|Publication number||US5733291 A|
|Application number||US 08/728,365|
|Publication date||Mar 31, 1998|
|Filing date||Oct 10, 1996|
|Priority date||Oct 10, 1996|
|Publication number||08728365, 728365, US 5733291 A, US 5733291A, US-A-5733291, US5733291 A, US5733291A|
|Inventors||Michael Guidera, Laurence Earl Dahners|
|Original Assignee||Hayes Medical, Incorporated|
|Export Citation||BiBTeX, EndNote, RefMan|
|Patent Citations (7), Referenced by (6), Classifications (6), Legal Events (6)|
|External Links: USPTO, USPTO Assignment, Espacenet|
This invention relates to the field of surgical tools and services and, more particularly, to an apparatus for the reduction of long bone fractures.
It is well known in the medical community that the setting of fractures, technically known as fracture reduction, must be done under the guidance of X-ray using such techniques as bone fragment manipulation usually done by the hands of the surgeon or the technician. In view of the concern about excess radiation exposure due to repetitive efforts of such personnel on a multitude of patients, the medical industry has turned to the use of manipulator devices which will free the hands of emergency room or operating room personnel from radiation exposure by placing the hands out of the line of sight of the X-ray generator.
Among the prior art bone manipulators known to applicants are those found in the following U.S. Patents:
______________________________________4,471,768 Ciulo4,558,697 Wu5,084,047 Naraghi______________________________________
The Ciulo device is a pivoting V shape jaw member that is padded such as not to injure bone and muscle when force is applied to bring bone segments together.
Wu provides a retainer for one bone segment and a pair of oppositely directed cane-like members for pulling in opposite directions on adjacent bone sections to achieve alignment.
Naraghi uses a three pressure point fulcrum type device, which applies a top pressure at two spaced locations, with a bottom pressure being applied at a point between the two top points of pressure application. Pressure is applied by a trio of side arms.
It is an object therefore of this invention to provide a radiolucent leverage type fracture reducer.
It is another object to provide a low cost of manufacture and easy to use long bone fracture alignment apparatus.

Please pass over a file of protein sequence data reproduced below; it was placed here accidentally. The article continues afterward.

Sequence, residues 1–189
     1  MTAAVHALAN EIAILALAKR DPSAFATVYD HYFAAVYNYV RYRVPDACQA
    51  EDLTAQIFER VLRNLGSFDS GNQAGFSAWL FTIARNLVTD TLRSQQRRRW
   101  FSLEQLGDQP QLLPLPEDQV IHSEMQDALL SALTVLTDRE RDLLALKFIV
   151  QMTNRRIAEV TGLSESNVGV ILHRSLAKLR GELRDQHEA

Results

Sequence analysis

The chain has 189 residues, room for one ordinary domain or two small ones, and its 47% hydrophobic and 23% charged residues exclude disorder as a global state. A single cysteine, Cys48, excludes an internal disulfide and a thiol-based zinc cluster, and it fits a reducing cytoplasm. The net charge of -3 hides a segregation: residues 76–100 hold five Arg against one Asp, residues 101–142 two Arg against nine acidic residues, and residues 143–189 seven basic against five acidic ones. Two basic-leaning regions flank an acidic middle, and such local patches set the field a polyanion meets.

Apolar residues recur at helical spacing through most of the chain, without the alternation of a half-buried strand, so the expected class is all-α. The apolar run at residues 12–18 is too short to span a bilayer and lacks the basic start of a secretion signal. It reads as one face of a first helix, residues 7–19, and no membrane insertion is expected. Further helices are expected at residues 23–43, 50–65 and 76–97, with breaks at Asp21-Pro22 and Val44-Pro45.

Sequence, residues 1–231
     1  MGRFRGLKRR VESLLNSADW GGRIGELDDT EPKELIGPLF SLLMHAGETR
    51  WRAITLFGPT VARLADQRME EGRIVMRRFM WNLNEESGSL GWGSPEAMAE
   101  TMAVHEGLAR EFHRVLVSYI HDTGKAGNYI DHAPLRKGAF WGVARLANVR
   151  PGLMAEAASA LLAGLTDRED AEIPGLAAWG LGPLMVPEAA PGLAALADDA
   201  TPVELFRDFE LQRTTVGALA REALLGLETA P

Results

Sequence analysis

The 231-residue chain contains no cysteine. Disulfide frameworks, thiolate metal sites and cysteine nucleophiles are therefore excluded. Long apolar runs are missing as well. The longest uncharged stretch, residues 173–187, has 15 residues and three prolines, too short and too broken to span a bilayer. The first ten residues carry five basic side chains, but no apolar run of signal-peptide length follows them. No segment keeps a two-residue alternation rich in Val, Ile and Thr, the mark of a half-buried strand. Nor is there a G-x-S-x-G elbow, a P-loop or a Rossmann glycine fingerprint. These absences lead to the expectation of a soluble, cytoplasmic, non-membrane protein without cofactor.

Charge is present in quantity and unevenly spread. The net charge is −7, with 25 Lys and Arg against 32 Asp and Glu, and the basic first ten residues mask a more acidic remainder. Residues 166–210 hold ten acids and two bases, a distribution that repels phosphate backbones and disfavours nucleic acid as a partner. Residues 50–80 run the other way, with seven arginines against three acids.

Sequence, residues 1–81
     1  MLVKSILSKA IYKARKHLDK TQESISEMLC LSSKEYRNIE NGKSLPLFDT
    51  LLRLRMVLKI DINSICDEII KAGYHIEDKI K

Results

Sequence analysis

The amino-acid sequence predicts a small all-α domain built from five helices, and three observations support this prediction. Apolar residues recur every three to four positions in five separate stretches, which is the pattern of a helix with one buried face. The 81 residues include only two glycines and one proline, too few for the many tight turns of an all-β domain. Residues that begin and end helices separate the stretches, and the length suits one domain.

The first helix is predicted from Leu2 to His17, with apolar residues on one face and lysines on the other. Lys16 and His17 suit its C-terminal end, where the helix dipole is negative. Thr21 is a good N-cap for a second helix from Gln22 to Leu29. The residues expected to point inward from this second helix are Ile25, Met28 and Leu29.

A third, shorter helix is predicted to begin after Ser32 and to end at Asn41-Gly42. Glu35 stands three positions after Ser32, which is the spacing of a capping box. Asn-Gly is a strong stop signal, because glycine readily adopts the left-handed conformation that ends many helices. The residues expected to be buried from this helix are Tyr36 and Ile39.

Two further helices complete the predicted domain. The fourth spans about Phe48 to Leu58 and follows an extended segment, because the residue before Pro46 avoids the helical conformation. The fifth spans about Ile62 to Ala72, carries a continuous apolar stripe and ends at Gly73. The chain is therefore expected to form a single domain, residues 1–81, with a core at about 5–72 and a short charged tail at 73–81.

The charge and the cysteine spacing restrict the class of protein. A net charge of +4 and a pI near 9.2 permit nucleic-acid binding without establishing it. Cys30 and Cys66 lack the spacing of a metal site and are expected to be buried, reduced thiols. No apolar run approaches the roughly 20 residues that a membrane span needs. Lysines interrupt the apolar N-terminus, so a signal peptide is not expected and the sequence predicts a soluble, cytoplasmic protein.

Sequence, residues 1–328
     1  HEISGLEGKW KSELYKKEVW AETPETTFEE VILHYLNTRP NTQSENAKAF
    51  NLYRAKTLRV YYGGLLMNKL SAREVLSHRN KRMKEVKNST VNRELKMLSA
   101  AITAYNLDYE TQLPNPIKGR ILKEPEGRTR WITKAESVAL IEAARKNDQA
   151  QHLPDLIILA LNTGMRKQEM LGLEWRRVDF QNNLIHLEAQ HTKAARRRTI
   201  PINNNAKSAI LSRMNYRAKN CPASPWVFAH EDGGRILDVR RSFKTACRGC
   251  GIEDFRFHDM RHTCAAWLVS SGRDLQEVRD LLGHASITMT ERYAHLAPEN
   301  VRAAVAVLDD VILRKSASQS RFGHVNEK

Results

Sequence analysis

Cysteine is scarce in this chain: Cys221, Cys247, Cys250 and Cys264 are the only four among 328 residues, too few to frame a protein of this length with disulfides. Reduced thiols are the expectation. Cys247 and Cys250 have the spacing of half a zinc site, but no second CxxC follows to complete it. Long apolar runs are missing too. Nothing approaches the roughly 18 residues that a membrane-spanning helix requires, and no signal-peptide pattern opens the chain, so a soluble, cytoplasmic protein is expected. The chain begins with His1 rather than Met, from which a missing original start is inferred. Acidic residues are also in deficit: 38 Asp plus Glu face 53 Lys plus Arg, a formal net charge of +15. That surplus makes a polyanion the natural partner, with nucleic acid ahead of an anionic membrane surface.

It is yet another object to provide a fracture reducing apparatus that can be sized to the leg/arm of the patient.
It is still another object to provide a fracture reducer that is lightweight, portable, and which can be disassembled for easy storage if desired.
It is a further object of this invention to provide a fracture reducing apparatus which can be sterilized in an autoclave should such prove desirable or necessary.
Other objects of the invention will in part be obvious and will in part appear hereinafter.
The invention accordingly comprises the device possessing the features properties and the relation of components which are exemplified in the following detailed disclosure and the scope of the application of which will be indicated in the appended claims.
For a fuller understanding of the nature and objects of the invention reference should be made to the following detailed description, taken in conjunction with the accompanying drawings.
FIG. 1 is a left side elevational view of the device of this invention.
FIG. 2 is a right side elevational view thereof.
FIG. 3 is an elevational end view of the bone aligning device of this invention.
FIG. 4 is a top plan view of the device of FIG. 1.
FIG. 5 is a schematic diagram of the condition of a typical broken bone, such as the femur prior to the use of this device.
FIG. 6 is a schematic diagram of the relationship of the two sections of the broken femur subsequent to use of this device.
FIG. 7 is a right perspective view illustrating the use of the device of this invention.
FIG. 8 is a left perspective view illustrating the use of this device to align the two sections of a broken femur.